A 26-year-old man presents for evaluation of blisters on his hands, arms, and feet. The condition has been present for 4 days and is asymptomatic. Similar blisters appeared 3 years ago while the patient served overseas in the military. Medical history is unremarkable for systemic disease, and he is not taking any oral medications. He occasionally develops cold sores and denies excessive alcohol intake. Examination reveals scattered bullae with surrounding erythema. No oral lesions are noted.
Erythema multiforme (EM) is a hypersensitivity reaction that can involve both the skin and mucous membranes. Cases can range from mild (EM minor) to severe (EM major), the latter manifesting as Stevens-Johnson syndrome or toxic epidermal necrolysis.1,2 The condition may...
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Erythema multiforme (EM) is a hypersensitivity reaction that can involve both the skin and mucous membranes. Cases can range from mild (EM minor) to severe (EM major), the latter manifesting as Stevens-Johnson syndrome or toxic epidermal necrolysis.1,2 The condition may be associated with herpes simplex virus (HSV) infections and Mycoplasma pneumonia, as well as treatment with sulfonamides and penicillins.2,3 The disorder is believed to result from a cell-mediated immune reaction.
Patients with cutaneous manifestations of EM most frequently present with target lesions characterized by peripheral erythema and a central blister. They are often found in an acral distribution on the palms, back of the hands, feet, and extensor surfaces. Although the cutaneous lesions are often painless, they may cause a burning sensation. Lesions of the mucosa are also common and may affect the oral, ocular, or genital mucosa, starting as bullae and progressing to painful erosions. Patients often report onset of fever, malaise, and arthralgia prior to eruption.2 While the diagnosis can often be made clinically, biopsy for histologic study and immunofluorescence is prudent if the diagnosis is in doubt.4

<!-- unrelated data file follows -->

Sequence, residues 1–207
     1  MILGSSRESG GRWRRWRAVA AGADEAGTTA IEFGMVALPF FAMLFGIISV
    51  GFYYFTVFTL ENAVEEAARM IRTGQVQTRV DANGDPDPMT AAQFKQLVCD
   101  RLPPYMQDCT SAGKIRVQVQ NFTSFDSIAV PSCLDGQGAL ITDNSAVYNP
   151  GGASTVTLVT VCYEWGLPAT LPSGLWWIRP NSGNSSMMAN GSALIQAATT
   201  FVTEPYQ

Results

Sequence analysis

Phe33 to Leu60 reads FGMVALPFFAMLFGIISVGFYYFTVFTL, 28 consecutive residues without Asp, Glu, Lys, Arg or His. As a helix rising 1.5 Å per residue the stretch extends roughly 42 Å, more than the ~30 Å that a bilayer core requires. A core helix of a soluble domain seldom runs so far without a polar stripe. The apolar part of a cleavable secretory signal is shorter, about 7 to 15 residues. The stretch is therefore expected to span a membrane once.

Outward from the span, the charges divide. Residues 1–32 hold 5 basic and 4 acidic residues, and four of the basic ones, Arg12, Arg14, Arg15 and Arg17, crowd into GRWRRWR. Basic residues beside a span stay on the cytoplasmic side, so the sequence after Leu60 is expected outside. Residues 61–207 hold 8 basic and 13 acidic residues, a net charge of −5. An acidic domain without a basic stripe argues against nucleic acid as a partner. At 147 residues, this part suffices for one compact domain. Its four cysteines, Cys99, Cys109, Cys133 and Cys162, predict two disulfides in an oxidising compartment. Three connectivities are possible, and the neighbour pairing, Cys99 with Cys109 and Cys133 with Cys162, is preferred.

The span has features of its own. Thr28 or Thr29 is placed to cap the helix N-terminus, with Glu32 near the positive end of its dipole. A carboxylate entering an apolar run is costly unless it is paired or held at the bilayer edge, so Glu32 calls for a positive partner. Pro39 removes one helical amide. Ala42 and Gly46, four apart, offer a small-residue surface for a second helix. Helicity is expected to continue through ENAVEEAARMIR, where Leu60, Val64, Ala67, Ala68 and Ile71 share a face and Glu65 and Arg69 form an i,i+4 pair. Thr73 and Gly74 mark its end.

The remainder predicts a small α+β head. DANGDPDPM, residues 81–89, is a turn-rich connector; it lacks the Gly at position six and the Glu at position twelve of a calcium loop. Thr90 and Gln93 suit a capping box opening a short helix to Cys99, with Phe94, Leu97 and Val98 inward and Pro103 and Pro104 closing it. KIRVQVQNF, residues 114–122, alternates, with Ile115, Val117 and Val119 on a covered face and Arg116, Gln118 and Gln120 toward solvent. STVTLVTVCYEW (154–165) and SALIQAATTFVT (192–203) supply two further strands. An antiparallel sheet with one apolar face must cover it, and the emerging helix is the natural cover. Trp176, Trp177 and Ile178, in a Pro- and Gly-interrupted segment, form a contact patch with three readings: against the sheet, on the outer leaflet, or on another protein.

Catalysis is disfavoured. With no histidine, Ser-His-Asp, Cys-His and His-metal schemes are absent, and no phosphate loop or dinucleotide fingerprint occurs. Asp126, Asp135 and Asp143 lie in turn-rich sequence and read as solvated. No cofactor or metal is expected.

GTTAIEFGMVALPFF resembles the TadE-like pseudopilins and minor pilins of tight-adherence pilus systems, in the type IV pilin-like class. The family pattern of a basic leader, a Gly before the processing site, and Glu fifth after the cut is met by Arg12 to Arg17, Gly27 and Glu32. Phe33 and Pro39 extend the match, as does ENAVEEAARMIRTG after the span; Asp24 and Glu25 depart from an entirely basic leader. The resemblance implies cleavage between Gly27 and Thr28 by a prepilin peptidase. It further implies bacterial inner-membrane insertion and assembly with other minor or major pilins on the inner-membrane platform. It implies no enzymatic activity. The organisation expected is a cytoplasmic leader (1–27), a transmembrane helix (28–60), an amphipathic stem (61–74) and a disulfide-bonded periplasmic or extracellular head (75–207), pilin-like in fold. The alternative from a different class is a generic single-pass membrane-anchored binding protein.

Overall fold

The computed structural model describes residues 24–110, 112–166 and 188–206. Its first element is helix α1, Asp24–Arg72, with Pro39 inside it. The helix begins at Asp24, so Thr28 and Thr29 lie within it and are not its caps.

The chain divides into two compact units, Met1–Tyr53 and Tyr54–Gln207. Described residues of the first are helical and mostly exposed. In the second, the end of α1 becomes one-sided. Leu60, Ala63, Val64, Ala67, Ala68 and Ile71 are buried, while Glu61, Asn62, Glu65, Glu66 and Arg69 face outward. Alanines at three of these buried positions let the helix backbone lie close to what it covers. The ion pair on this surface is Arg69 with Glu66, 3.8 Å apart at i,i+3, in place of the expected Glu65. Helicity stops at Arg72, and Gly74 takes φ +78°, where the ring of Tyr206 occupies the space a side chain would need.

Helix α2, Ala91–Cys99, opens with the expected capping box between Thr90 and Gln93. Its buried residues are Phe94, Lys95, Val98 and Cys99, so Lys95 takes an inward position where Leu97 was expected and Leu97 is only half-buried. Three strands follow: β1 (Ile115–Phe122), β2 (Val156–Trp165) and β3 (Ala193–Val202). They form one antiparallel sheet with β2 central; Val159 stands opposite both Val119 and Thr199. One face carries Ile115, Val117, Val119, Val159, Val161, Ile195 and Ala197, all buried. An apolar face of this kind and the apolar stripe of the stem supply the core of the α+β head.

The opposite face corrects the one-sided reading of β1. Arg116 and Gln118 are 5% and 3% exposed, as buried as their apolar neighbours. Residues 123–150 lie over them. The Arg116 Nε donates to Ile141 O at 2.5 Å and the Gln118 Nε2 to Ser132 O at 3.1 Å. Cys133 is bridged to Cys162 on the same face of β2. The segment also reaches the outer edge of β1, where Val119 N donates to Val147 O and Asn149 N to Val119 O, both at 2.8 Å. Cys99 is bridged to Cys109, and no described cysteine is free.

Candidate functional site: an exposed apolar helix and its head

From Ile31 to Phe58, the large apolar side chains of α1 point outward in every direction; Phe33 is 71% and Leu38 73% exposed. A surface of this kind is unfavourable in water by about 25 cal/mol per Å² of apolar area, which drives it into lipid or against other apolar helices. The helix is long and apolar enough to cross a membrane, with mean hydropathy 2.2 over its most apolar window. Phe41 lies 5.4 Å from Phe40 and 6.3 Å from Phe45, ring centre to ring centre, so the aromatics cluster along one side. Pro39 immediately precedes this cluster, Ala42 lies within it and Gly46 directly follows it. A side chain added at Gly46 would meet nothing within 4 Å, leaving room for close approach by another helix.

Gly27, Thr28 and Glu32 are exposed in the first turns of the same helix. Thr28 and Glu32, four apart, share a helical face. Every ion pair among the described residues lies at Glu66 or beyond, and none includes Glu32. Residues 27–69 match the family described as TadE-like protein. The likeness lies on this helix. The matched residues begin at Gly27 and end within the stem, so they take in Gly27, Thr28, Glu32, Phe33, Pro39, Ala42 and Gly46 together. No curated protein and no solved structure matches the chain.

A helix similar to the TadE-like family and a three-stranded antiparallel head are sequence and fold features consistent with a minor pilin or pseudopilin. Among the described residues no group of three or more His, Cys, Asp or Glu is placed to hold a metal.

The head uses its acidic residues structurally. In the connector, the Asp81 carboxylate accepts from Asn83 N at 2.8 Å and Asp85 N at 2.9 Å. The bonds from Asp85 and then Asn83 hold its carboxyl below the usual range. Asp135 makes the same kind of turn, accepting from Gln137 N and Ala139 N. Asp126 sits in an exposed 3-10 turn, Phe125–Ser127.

Treatment of EM depends on the severity of the rash, as well as any identifiable underlying cause. Removal of the offending agent is paramount when a drug or other exogenous source is suspected.3 Lesion resolution may be hastened by use of topical steroids and emollients; ocular lesions are best managed by an ophthalmologist.2 Hospitalization may be required for pain control or hydration in more extensive cases. Healing occurs spontaneously in 2 to 4 weeks; recurrence is most common when EM is linked to HSV infection.
Kevin Anderson is a physician assistant student at Arcadia University.
- Stampien TM, Schwartz RA. Erythema multiforme. Am Fam Physician. 1992;46(4):1171-1176.
- Hafsi W, Badri T. Erythema, Multiforme. https://www.ncbi.nlm.nih.gov/books/NBK470259/. Updated December 18, 2017. Accessed November 11, 2018.
- Shah SN, Chauhan GR, Manjunatha BS, Dagrus K. Drug induced erythema multiforme: two case series with review of literature. J Clin Diagn Res. 2014;8(9):ZH01-ZH04.
- Sokumbi O, Wetter DA. Clinical features, diagnosis, and treatment of erythema multiforme: a review for the practicing dermatologist. Int J Dermatol. 2012;51(8):889-902.
This article originally appeared on MPR